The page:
Even though under Mr. Obama’s watch, America is no longer the largest economy in the world – China passed us several months ago – we still have a stronger and more tested economy than does China. Their economy is still based on the centralized planning of the Communist party which recently has seen the benefits of introducing a freer market but which retains absolute control capable of crushing any aspect of the free market it wishes.
The economic might of America –even at No. 2 – is a fearsome leverage for affecting international leadership. Let me give you three instances:
- We are suffering a massive migration of children, presumably from Central America, illegally crossing our southern border. There are several things, all using economic resources, that can be done. First, there is the need to care for these children. We can do that and we do not need to increase the budget by billions of dollars. The State Department should inform Honduras, El Salvador and Guatemala that the cost of caring for the children illegally entering the United States from those countries will be deducted from foreign aid currently provided. For instance, in 2013, Guatemala received in $93.6 Million and Honduras received $58.2 Million. And the State Department should inform Mexico, which has aided and abetted the migration of those children, that it will be charged for a) any child that cannot be readily identified as coming from one of those countries, and b) for all of the children from that country once current foreign aid for that country is exhausted. The economic burden placed on American taxpayers for the misconduct of these countries should be placed back on the offending country. When that penalty is felt, the promotion of that illegal migration will end.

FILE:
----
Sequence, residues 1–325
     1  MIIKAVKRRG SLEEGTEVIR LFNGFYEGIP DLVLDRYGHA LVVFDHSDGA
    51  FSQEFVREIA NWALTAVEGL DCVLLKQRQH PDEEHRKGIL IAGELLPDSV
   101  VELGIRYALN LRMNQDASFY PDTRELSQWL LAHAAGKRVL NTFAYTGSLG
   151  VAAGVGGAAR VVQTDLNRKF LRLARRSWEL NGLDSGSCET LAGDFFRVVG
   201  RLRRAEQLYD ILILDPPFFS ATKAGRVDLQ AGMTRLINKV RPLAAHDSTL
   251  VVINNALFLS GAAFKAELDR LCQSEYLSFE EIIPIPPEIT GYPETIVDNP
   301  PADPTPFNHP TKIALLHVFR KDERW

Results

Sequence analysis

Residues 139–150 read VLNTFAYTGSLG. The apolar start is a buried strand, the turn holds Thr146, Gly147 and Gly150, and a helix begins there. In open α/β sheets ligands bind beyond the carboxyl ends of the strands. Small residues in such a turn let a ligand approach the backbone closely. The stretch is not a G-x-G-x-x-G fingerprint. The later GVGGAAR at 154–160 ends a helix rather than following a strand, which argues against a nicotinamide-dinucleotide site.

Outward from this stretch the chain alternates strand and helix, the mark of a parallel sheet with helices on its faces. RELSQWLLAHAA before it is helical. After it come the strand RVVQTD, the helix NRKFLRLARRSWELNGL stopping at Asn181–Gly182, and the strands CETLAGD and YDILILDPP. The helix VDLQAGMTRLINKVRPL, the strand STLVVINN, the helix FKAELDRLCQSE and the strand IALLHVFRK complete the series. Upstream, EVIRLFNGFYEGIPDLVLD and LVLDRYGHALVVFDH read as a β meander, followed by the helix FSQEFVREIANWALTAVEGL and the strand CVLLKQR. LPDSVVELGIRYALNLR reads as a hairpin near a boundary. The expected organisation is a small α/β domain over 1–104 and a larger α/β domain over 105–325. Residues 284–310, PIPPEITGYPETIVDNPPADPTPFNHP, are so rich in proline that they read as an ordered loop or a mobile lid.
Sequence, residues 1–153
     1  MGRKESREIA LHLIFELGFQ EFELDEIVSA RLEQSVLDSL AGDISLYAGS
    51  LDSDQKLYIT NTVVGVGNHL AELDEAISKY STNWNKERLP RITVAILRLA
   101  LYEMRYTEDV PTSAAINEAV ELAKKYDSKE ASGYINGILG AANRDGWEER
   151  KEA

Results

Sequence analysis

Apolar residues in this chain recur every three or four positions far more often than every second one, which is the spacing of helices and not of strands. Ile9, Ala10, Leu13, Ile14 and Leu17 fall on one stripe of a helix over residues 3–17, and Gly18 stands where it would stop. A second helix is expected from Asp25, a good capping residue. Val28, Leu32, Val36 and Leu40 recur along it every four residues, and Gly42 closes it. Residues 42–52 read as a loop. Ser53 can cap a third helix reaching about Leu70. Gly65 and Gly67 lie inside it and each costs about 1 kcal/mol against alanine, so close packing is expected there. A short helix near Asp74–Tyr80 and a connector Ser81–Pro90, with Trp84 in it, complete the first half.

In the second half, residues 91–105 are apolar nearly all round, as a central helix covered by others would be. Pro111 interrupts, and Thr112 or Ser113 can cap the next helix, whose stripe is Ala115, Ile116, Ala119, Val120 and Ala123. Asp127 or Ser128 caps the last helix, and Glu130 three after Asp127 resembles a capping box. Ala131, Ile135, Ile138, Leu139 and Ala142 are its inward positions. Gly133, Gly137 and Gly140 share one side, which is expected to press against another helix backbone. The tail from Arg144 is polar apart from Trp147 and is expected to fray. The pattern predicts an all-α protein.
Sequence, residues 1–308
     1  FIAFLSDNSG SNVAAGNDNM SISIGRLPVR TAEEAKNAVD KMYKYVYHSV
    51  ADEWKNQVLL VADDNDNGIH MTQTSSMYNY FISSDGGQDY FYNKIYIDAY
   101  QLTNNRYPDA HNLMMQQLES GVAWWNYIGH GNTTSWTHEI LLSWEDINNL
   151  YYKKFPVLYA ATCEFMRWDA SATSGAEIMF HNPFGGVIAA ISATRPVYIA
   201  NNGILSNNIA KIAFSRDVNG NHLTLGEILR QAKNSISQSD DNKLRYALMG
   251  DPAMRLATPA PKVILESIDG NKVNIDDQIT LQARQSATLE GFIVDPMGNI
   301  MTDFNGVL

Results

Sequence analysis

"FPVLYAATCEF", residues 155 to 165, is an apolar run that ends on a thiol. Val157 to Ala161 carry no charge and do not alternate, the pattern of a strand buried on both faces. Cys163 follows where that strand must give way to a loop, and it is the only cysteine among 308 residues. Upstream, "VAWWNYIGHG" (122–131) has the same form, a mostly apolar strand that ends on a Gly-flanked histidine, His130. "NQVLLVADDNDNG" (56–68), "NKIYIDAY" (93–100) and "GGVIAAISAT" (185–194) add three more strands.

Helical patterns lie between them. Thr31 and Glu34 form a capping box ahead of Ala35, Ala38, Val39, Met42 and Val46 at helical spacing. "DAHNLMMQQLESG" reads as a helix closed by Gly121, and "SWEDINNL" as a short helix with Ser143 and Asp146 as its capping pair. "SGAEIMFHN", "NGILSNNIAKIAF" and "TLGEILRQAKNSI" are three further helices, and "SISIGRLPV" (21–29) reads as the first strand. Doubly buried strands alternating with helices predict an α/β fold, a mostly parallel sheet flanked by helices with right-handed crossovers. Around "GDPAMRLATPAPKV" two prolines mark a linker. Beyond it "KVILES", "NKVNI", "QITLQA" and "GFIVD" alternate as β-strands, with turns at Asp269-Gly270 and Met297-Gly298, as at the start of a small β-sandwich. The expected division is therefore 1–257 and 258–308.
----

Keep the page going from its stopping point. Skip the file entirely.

And while we are ending the benefits to those countries for support of this conduct, we should look hard at and remove federal funding (including grants and other forms) for the immigration advocates and other organizations – domestic and foreign – that have spurred and supported the notion that illegal immigration is appropriate and will go unpunished.
- The current conflict in the Ukraine. At the end of the Cold War and the breakup of the Soviet Empire, the United States and its allies demanded that the Ukraine remove and destroy its not insubstantial store of nuclear weapons. In returned we provided assurances to the Ukraine that we would protect it from advances by its neighbors – particularly Russia. Mr. Obama’s steady stream of weakness and capitulation has ended with turning our backs on the Ukraine as Russia invaded the Crimea and as it seeks to invade the Eastern corridor between the Crimea and Russia. Russia’s economy is so weak that quick, firm economic sanctions would crush its economy and the Putin led government overnight. Even the weakest of sanctions imposed by Mr. Obama has resulted in significant capital flight from Russian, and foreign investors are concerned about the course of things. Tough economic sanctions at the outset would have resolved the crises by now.
- The current Israeli/Hamas conflict. This is included to demonstrate that economic policy is not always appropriate. There is no moral equivalency in this conflict. One side has dedicated its very existence to the elimination of the other, including all of its people. What Hitler began, Hamas is vociferously intent on concluding. This is war and war is settled in the end by one side inflicting sufficient death and destruction on the other side so as to either physically defeat the other side’s capabilities to continue, or create sufficient damage so that the people on the other side remove their leadership and sue for peace.